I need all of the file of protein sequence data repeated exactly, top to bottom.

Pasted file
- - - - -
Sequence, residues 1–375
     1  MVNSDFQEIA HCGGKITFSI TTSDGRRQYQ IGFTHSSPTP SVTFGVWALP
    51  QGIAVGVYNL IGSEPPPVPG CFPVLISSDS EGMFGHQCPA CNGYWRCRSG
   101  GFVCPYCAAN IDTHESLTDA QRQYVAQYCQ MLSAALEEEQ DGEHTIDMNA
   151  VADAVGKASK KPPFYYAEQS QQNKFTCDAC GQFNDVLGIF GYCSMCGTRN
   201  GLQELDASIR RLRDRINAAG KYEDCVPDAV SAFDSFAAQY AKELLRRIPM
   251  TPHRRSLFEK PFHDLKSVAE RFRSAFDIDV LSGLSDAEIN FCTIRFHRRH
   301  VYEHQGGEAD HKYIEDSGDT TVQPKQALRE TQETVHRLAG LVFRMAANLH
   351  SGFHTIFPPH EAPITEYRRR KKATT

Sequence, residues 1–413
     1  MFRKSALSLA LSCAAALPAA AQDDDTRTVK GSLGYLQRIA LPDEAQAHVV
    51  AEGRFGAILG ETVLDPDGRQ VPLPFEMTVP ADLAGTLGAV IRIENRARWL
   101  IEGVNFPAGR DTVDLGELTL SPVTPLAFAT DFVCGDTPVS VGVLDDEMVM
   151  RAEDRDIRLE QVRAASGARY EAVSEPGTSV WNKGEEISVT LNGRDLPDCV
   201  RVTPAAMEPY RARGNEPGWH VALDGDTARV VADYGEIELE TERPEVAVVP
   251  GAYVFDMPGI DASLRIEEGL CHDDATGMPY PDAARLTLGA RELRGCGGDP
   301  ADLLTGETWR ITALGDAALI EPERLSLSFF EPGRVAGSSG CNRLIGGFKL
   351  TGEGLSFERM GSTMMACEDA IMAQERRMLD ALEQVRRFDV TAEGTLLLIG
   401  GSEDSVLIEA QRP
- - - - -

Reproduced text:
Sequence, residues 1–375
     1  MVNSDFQEIA HCGGKITFSI TTSDGRRQYQ IGFTHSSPTP SVTFGVWALP
    51  QGIAVGVYNL IGSEPPPVPG CFPVLISSDS EGMFGHQCPA CNGYWRCRSG
   101  GFVCPYCAAN IDTHESLTDA QRQYVAQYCQ MLSAALEEEQ DGEHTIDMNA
   151  VADAVGKASK KPPFYYAEQS QQNKFTCDAC GQFNDVLGIF GYCSMCGTRN
   201  GLQELDASIR RLRDRINAAG KYEDCVPDAV SAFDSFAAQY AKELLRRIPM
   251  TPHRRSLFEK PFHDLKSVAE RFRSAFDIDV LSGLSDAEIN FCTIRFHRRH
   301  VYEHQGGEAD HKYIEDSGDT TVQPKQALRE TQETVHRLAG LVFRMAANLH
   351  SGFHTIFPPH EAPITEYRRR KKATT

Sequence, residues 1–413
     1  MFRKSALSLA LSCAAALPAA AQDDDTRTVK GSLGYLQRIA LPDEAQAHVV
    51  AEGRFGAILG ETVLDPDGRQ VPLPFEMTVP ADLAGTLGAV IRIENRARWL
   101  IEGVNFPAGR DTVDLGELTL SPVTPLAFAT DFVCGDTPVS VGVLDDEMVM
   151  RAEDRDIRLE QVRAASGARY EAVSEPGTSV WNKGEEISVT LNGRDLPDCV
   201  RVTPAAMEPY RARGNEPGWH VALDGDTARV VADYGEIELE TERPEVAVVP
   251  GAYVFDMPGI DASLRIEEGL CHDDATGMPY PDAARLTLGA RELRGCGGDP
   301  ADLLTGETWR ITALGDAALI EPERLSLSFF EPGRVAGSSG CNRLIGGFKL
   351  TGEGLSFERM GSTMMACEDA IMAQERRMLD ALEQVRRFDV TAEGTLLLIG
   401  GSEDSVLIEA QRP